From: Rudina Hajdari
Drug Traffic, Albania’s No. 1 Threat

In an article from a few days ago, former Director of the Border Patrol at the State Police Pëllumb Nako expressed his surprise about the fact that the mission of the Guardia di Finanza is still in Albania after 20 years, while the funding from the US and EU so far should have been enough to control the drug cultivation and trafficking in Albania. Around $70 million have been spent to support the state institutions in the battle against drugs and trafficking to improve their competence, without the need to rely on the forces of the Guardia di Finanza.

The answer is simple. The Guardia di Finanza remains in Albania because our institutions that combat drug traffic remain corrupt. It is exactly this corruption that is the main reason that drugs are nowadays one of the most visible realities with a great economic, social, and political influence.

The European School Survey Project on Alcohol and Other Drugs (ESPAD), organized by the European Monitoring Centre for Drugs and Drug Addiction (EMCDDA), discovered that the drugs consumption among Albanian students is low in comparison with the youth consumption in 35 other surveyed European countries. In 2015, only 7% of the Albanian students used cannabis, which is twice lower than the European average (16%). The use of other drugs was basically on the same level as the rest of Europe, with 5% of the Albanian youth having used cocaine, and 4% MDMA.

The long-term analysis shows a trend of increasing usage among Albania students. From 2011 to 2015 cannabis use grew from 4% to 7%. This trend is expected to continue, which makes drug use the largest social problem in our country, especially among younger age groups.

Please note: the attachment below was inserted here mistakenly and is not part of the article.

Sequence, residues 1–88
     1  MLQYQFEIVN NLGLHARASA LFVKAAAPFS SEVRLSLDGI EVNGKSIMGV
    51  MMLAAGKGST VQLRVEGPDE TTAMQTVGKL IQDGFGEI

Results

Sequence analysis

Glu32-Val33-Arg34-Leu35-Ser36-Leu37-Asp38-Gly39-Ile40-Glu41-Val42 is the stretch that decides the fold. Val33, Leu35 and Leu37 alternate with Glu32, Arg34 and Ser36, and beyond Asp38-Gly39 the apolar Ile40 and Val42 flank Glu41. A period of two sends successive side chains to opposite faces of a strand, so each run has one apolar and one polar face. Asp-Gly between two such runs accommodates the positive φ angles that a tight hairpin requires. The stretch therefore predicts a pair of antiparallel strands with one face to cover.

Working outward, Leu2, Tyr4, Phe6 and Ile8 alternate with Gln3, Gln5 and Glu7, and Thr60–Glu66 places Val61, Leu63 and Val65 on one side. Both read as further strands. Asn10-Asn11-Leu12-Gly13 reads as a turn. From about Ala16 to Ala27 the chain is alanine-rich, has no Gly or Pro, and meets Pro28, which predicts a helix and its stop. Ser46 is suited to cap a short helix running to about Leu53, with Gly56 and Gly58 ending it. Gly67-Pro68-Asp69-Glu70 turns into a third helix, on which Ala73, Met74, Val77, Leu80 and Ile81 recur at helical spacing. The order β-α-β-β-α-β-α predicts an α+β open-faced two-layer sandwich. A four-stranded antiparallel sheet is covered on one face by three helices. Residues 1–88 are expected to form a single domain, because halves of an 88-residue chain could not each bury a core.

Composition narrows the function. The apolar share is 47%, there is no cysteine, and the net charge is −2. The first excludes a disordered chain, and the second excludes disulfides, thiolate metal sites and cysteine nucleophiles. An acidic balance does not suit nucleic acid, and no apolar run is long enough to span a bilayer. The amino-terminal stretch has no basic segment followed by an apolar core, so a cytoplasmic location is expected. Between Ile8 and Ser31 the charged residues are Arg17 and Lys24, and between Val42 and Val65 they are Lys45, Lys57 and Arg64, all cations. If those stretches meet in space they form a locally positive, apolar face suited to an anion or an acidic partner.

Except concerns about the growing cannabis consumption in the country, the study shows that the main problem in relation to drugs in Albania remains drug trafficking, especially cannabis, and the extraordinary profits that these drugs are producing for organized crime. These two facts pose an even bigger risk for the security and the future of Albania.

Both Europol and the US State Department have confirmed that Albania is the main producer and provider of cannabis to the EU, as well as in important transit country for heroin and cocaine. In its European Drug Report, the EMCDDA also confirmed that Albania, together with Libya and Morocco, is now one of the nodal points for cannabis cultivation.

The large territorial coverage and the easily accessible roads have turned cannabis cultivation into an extraordinarily profitable national and international crime. Moreover, different from other countries, this criminal activity risks few losses in Albania, because of the absence of the war on drugs.

From only a cursory review of the media reports it is clear that in the period January–July 2017 more than 500 tons of cannabis produced in Albania were captured. The Albanian police claims to have destroyed and even larger volume of plants.

The current wholesale market price for cannabis is €300/kg, for heroin €20,000/kg, and for cocaine €40,000/kg. The more than 1 thousand tons of cannabis captured and destroyed represents therefore a value of about €300 million. If consider that only about 10% of the European marijuana traffic is intercepted, we may say that the cannabis cultivated and trafficked in Albania generates €3–4 billion per year, nearly half of the country’s GDP. Such a large income is of course going to attract international organized crime and terrorist groups that continually seek more sources for profit.

As I mentioned above, an important factor in the blossoming of drug trade in Albania and the attraction for international criminal organizations is the failure of the Albanian police and state institutions to combat drugs. Two months ago former Minister of Interior Affairs Fatmir Xhafaj, just like Prime Minister Rama a few weeks ago, accepted that the police had been involved in drug trafficking and cultivation. Director of Public Security Altin Qato confirmed to Deutsche Welle in February that “there have been isolated cases of police involvement” but stated that of the 9,000 police forces only 40 had been identified as collaborators in drug cultivation and trafficking in 2016, whereas only 8 had been arrested. Is it not worrying that very few employees of antidrugs institutions have been criminally prosecutored the last few years for abuse of office?